Exterior Maintenance

Finally, routine vehicle maintenance wouldn’t be complete without taking care of the exterior of your car as well. Your car can take a beating in severe weather, so if the possible park it somewhere covered. If you don’t have a garage, try to park in the shade whenever possible. In addition, wash your car’s exterior frequently. The longer dirt and grime can build up on your exterior, the more it can hurt your paint. In addition, you can use soap on your car that has built-in UV protection from the sun’s damaging rays.

Routine vehicle maintenance is important to keep your car running in tip-top shape. This will keep you safer on the road. It will also prevent small preventable problems from turning into massively expensive ones later. Check your car before and after a long road trip, and a few times a year. You should check out your tires and make sure the pressure and tread are looking okay each time you drive. In addition, protect your car’s battery and engine by getting them checked over at a car care center periodically. And finally, try to protect your car’s exterior by parking it in covered areas and keeping it clean. Keeping your car in great shape will save you money in the long run by allowing you to catch small issues before they turn into bigger ones.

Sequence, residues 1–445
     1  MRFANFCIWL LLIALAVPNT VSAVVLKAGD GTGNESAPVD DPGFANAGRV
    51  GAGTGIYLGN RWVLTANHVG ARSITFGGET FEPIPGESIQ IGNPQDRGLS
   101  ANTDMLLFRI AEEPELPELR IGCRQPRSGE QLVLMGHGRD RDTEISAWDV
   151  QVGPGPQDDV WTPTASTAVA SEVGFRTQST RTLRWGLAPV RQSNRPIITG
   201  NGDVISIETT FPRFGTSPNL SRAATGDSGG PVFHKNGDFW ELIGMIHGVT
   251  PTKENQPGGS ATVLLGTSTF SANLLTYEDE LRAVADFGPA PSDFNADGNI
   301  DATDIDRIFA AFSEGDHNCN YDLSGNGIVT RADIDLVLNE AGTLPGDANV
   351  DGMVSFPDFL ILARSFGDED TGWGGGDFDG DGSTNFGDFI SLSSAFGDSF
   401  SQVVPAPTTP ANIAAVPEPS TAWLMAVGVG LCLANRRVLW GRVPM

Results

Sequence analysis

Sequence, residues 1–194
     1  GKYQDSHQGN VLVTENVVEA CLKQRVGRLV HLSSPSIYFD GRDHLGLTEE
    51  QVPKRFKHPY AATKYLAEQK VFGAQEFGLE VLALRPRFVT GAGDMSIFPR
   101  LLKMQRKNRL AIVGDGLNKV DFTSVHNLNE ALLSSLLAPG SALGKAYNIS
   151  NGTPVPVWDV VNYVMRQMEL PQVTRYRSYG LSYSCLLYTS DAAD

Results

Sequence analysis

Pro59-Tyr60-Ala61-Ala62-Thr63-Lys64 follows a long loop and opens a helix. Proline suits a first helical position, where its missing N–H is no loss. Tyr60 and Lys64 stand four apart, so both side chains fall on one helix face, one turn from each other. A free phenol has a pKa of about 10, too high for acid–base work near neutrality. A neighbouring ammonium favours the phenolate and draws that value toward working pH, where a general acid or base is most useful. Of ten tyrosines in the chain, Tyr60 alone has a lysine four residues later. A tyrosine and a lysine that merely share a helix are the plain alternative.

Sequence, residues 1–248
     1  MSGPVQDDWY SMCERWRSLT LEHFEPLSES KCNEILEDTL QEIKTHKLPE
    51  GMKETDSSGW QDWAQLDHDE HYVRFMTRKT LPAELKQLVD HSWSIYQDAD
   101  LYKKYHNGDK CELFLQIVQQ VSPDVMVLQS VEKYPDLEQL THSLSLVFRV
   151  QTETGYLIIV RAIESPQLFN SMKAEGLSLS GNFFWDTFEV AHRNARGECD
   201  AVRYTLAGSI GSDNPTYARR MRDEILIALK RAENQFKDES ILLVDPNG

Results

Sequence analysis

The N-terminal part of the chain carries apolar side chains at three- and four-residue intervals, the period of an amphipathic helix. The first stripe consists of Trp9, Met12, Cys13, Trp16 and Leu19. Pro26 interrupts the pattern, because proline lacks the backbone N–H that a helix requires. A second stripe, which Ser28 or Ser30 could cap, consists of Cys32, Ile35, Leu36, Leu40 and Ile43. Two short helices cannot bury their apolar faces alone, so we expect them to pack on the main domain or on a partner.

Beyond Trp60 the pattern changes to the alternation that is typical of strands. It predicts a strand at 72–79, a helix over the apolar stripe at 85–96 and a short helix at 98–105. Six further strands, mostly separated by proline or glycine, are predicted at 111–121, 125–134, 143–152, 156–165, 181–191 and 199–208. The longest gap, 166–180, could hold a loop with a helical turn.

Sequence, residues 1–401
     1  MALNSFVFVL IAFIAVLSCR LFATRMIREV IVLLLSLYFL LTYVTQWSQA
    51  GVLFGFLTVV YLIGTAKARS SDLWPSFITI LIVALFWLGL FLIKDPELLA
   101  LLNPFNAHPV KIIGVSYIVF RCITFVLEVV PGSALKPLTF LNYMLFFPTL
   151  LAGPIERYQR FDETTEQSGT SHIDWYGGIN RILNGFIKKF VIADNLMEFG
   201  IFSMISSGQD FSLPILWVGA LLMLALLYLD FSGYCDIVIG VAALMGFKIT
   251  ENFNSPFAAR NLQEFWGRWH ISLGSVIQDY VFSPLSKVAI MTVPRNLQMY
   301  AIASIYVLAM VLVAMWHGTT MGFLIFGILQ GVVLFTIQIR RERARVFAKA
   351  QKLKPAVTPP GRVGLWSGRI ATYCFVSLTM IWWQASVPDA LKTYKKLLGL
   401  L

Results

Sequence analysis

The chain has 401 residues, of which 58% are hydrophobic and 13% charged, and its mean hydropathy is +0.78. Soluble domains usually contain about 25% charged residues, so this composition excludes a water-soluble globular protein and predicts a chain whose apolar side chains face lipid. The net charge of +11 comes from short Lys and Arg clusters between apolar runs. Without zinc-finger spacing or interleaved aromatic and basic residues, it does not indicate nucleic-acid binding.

Leaving a Physically Abusive Relationship Safely

It can be dangerous to get out of a physically abusive relationship. Abusers are often fueled by deep insecurities. When their partner threatens to leave or tries to walk out, it can cause them to snap and escalate their abuse. The first step is to gain the trust of somebody close to you that you can turn to if things are getting out of hand. It’s also important to do research and find where to go but to do it safely. Practice your escape and make sure you have a safe word for a friend if you need help. And finally, know where to go once you leave, like a shelter. Hopefully, you can get out safely and find the help you need to allow you to emotionally heal from your ordeal.

leaving a Physically Abusive Relationship Safely: Get Help

Find Somebody You Can Trust

One thing that can help you get out of a physically abusive relationship is somebody on the outside helping. Find a close friend or neighbor whom you trust completely. You can confide in them about what is going on and ask them if they would be able to help you if you needed it. Make sure and memorize their number in case your abuser has control over your phone. Establish a code word with them to use in case your abuser is attacking, so they know that you need emergency help.

Be Careful About Surveillance

If you are trying to leave a physically abusive relationship, one thing to keep in mind is to be careful about surveillance. Many abusers keep careful tabs on their partners. For example, they might go through your phone or install tracking devices on your car or computer. It is safest to research your escape on somebody else’s phone or computer. Try a local library or borrowing from a friend if you need to look up information about getting away from your abuser.